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Ong vs. Mazo Case Digest


The time-honored cry of fishing expedition can no longer provide a reason to prevent a party from inquiring into the facts underlying the opposing party's case through the discovery procedures. 

● The rationale behind the recognition accorded the modes of discovery is that they enable a party to discover the evidence of the adverse party and thus facilitate an amicable settlement or expedite the trial of the case.

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Facts: 

Respondents Lanuevo and Tomilloso filed a complaint for damages against petitioner Ong before the RTC of Guiuan, Eastern Samar. The complaint arose from a vehicular accident whereby a bus owned by petitioner and driven by Caramoan allegedly bumped a jeep owned and driven by Lanuevo, with Tomilloso as her passenger at the time.

After she filed her Answer, petitioner served written interrogatories upon respondents. She later filed a motion to direct respondents to answer the interrogatories. RTC denied the motion upon the ground that such constituted a “fishing expedition” which would be more properly ventilated in a pre-trial conference. Petitioner filed a motion for reconsideration which was denied.


Issue:

Whether or not the trial court erred in denying the motion.


Held:

Yes. This Court has long espoused the policy of encouraging the availment of the various modes or instruments of discovery as embodied in Rules 24 to 29 of the Revised Rules of Court. Thus, in Republic v. Sandiganbayan, it held:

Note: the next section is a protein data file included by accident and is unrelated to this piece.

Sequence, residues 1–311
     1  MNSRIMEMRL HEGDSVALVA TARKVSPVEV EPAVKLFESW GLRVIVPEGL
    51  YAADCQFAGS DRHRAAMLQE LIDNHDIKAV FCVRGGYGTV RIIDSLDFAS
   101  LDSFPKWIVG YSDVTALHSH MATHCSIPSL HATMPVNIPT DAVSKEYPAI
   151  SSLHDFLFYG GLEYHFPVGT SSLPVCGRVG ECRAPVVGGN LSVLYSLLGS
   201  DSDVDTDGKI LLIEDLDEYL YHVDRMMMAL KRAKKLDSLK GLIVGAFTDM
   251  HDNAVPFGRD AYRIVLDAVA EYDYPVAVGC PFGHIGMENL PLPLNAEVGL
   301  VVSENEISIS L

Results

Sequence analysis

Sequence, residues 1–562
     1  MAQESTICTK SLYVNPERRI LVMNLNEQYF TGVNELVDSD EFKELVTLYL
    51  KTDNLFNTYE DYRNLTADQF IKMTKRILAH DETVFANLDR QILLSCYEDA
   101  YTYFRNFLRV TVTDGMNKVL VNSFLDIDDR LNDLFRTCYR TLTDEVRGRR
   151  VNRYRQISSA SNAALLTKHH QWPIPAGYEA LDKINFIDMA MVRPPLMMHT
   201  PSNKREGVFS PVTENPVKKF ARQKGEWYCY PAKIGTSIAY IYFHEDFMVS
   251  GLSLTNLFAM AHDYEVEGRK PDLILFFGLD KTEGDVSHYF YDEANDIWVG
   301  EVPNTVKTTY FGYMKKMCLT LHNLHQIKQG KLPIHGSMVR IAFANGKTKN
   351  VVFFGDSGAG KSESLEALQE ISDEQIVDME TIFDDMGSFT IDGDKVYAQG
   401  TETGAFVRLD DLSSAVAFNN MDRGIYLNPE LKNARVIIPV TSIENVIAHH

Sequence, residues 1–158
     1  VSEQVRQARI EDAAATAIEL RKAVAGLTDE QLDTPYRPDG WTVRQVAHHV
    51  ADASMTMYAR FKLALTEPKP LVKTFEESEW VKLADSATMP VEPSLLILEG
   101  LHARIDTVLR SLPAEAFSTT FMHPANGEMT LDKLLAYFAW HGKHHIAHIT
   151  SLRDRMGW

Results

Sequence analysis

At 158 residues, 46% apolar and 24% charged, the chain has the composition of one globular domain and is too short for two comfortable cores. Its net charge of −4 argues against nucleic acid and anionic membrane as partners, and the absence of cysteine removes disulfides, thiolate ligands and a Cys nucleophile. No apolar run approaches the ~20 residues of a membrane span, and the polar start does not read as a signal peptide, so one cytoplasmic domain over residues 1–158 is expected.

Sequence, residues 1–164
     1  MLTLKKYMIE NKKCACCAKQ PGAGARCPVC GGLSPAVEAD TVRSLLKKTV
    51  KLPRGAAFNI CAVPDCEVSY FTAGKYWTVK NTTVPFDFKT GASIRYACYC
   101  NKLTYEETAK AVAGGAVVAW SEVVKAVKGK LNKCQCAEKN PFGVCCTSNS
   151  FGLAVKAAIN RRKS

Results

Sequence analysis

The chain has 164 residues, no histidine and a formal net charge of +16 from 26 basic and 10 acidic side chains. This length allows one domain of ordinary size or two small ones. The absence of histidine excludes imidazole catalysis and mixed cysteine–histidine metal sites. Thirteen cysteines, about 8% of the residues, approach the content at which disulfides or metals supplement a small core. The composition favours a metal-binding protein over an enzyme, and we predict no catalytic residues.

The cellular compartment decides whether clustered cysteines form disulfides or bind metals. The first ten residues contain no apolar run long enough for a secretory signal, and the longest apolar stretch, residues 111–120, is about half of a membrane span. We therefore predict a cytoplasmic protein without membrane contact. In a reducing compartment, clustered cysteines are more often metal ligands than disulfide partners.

. . . Indeed it is the purpose and policy of the law that the parties before the trial if not indeed even before the pre-trial should discover or inform themselves of all the facts relevant to the action, not only those known to them individually, but also those known to their adversaries; in other words, the desideratum is that civil trials should not be carried on in the dark; and the Rules of Court make this ideal possible through the deposition-discovery mechanism set forth in Rules 24 to 29.

The thrust of the Rules is to even make the availment of the modes of discovery, depositions, interrogatories, and requests for admissions without much court intervention since leave of court is not necessary to put into motion such modes after an answer to the complaint has been served. The rationale behind the recognition accorded the modes of discovery is that they enable a party to discover the evidence of the adverse party and thus facilitate an amicable settlement or expedite the trial of the case.

Thus, to deny a party the liberty to have his written interrogatories answered by his opponent, as what the trial court did, on the premise that the interrogatories were a fishing expedition, is to disregard the categorical pronouncement in aforementioned case of Republic vs. Sandiganbayan that the time-honored cry of fishing expedition can no longer provide a reason to prevent a party from inquiring into the facts underlying the opposing party's case through the discovery procedures. (Ong vs. Mazo, G.R. No. 145542. June 4, 2004)

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